I've seen you over at theun4givables' (or should that be theun4givable's?) blog and meant to add you! Or follow, whatever, you know what I mean. So I'll do that now.

      • I do the 1-2-3 thing with Max, too! I try to only use it if I’m in a hurry or if he’s doing something that’s potentially dangerous (like climbing on a chair in a dangerous way–not super-dangerous like running into the street). That way he knows I only do it when I’m already out of patience.

        What’s amazing to me is when I tell him to (for example) stop climbing on the back of the chair and he’ll get down. Only to put a single toe on the back of the chair and grin at me. Really now, you little stinker?

        I think the part where having only one kid comes in is that more often than not, I find this hilarious. I still have to give consequences and teach him where the limits are, but I’m less likely to be annoyed. I imagine that sort of thing can be exponentially more when you’ve got all those other kids also being crazy and probably teaching each other bad habits. 🙂

        (I figured you didn’t really yell THAT much. I don’t really sit in front of the TV with my kid ALL day, either. I just know not-yelling is a thing I’m rather good at, and being creative about activities is a thing I need to work on, big time.)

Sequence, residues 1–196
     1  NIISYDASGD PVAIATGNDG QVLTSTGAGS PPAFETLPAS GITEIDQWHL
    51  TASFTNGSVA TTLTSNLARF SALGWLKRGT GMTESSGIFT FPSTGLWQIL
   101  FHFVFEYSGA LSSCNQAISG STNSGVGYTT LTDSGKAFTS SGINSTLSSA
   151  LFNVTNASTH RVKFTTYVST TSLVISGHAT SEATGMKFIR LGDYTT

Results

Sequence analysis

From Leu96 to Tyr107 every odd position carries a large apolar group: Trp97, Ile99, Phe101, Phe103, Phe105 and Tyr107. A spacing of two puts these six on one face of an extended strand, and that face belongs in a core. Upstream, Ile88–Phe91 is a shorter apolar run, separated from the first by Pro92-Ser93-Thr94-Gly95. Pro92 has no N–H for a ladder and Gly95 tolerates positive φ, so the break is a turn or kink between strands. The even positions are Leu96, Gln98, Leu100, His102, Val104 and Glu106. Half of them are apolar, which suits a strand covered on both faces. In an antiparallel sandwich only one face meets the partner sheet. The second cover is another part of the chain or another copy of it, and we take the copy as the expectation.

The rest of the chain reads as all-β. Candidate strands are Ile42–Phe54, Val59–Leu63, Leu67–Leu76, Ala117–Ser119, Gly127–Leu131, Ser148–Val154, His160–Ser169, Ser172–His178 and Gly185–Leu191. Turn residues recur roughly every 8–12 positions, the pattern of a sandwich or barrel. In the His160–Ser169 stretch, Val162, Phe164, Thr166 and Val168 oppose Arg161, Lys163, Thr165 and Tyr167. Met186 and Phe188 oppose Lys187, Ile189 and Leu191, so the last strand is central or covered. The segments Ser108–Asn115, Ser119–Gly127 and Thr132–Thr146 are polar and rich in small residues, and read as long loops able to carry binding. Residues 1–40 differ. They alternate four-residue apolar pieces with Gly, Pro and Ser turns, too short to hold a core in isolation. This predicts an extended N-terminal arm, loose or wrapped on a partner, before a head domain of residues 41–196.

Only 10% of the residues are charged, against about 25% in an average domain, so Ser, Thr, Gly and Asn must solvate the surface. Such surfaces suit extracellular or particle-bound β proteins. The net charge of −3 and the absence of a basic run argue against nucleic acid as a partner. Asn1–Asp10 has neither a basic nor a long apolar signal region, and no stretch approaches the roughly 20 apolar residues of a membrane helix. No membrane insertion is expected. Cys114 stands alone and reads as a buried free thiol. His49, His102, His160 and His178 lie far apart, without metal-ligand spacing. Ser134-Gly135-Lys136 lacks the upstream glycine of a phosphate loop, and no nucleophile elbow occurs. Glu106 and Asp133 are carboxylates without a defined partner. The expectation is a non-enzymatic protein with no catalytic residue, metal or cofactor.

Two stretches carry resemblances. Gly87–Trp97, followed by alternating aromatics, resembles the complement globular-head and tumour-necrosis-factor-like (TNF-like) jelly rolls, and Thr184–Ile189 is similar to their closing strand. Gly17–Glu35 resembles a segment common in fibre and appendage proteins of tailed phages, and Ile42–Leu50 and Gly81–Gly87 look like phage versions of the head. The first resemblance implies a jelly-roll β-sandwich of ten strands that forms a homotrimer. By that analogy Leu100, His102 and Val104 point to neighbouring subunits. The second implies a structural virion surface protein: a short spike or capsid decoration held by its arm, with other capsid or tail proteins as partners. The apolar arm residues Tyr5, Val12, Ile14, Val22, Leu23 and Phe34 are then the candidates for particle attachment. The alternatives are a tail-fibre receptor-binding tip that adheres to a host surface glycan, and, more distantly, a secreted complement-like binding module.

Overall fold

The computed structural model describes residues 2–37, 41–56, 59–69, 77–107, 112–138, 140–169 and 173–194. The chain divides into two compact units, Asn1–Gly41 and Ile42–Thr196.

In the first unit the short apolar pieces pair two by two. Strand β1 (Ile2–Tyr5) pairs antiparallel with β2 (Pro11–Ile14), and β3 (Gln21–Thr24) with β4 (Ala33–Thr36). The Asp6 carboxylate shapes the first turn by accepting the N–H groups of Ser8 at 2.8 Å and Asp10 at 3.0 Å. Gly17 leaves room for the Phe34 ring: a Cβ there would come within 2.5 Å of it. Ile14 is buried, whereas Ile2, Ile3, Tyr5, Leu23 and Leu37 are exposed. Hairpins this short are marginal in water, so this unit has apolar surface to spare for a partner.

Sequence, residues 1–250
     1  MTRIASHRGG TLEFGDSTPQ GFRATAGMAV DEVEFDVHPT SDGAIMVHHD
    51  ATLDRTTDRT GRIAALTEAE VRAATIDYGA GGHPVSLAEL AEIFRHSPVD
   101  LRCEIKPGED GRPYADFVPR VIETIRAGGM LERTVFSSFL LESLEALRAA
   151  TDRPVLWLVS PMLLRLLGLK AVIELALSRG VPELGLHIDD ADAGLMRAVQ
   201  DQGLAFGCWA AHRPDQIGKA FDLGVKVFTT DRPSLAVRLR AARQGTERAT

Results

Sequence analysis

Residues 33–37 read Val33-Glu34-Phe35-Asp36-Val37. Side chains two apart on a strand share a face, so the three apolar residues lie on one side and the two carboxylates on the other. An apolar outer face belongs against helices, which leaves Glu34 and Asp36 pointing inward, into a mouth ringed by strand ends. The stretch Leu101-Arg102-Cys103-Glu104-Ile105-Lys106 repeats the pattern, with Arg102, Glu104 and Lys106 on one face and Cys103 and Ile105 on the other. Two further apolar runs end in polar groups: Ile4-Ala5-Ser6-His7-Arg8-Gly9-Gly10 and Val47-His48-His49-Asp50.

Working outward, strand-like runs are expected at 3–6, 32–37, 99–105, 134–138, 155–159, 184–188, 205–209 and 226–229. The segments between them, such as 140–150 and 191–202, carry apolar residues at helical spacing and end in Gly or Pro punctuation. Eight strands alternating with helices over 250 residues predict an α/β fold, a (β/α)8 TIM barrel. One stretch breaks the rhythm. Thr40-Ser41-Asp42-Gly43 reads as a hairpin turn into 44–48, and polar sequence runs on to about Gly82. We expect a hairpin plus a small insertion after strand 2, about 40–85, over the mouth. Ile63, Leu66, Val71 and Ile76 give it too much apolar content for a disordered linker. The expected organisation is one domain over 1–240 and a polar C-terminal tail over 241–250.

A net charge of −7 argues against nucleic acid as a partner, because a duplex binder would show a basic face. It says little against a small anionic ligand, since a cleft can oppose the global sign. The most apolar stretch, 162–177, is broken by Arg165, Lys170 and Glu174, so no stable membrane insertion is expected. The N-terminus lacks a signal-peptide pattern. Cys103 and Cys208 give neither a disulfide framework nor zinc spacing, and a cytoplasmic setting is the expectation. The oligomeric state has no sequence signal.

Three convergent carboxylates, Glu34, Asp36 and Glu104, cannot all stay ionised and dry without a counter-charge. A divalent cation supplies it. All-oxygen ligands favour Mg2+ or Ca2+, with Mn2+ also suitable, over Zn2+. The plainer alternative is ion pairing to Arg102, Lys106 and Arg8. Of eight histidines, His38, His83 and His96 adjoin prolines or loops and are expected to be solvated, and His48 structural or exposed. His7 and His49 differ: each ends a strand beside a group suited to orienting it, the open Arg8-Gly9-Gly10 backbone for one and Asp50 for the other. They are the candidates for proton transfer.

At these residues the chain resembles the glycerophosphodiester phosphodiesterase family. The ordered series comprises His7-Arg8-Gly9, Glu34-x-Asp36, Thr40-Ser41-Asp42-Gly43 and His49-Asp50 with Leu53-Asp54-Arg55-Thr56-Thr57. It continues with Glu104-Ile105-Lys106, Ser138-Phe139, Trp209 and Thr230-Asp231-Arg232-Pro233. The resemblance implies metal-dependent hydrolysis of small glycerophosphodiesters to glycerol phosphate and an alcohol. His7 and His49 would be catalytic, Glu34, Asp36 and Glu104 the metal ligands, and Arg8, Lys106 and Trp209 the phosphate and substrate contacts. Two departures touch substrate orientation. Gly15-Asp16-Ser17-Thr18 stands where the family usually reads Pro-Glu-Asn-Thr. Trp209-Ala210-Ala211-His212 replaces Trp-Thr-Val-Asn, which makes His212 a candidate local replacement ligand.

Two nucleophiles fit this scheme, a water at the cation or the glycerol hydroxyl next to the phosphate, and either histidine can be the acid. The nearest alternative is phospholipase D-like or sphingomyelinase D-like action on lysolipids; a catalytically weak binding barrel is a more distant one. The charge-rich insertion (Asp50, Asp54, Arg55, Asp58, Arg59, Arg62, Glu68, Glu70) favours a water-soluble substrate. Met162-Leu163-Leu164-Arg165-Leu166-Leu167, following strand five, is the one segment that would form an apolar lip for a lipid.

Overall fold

2. Hmm, for some reason, it will not let me reply to your last comment. How odd.

    I often find their tantrums hilarious. To the point where I am laughing because it is so ridiculous and I really need to not be laughing because I want them to take me seriously when I say they absolutely cannot do whatever it is (usually play a game past bedtime, or something). The older two are BAD at encouraging the 2 year old to do naughty stuff. Or should I say they’re really good at it? And she acts the clown, totally hamming it up for them, so I am fighting a bit of a losing battle, there.

    You know, I found it harder to do creative activities until they got to about three or so. It’s not that you can’t do anything up till then, but they are limited physically and cognitively as to what they can do, and sometimes it’s hard to think of something engaging. And sometimes sitting down and watching TV together is kind of a nice thing to do, too. I often use it as a babysitter while I quickly get some washing up/food preparation done, and the other day I sat down and watched a few programmes with them, while I drank my tea, and they were so chuffed 😀

  3. Pingback: Turn Down The Volume - Find Your Paradigm: The Art of Living with Grace and Ease | Find Your Paradigm: The Art of Living with Grace and Ease

    • I think it is quite ok to feel annoyed and upset even when you don’t have children! I would like mine to be able to express their anger in other ways than yelling, though, which is why I have to try and do it less.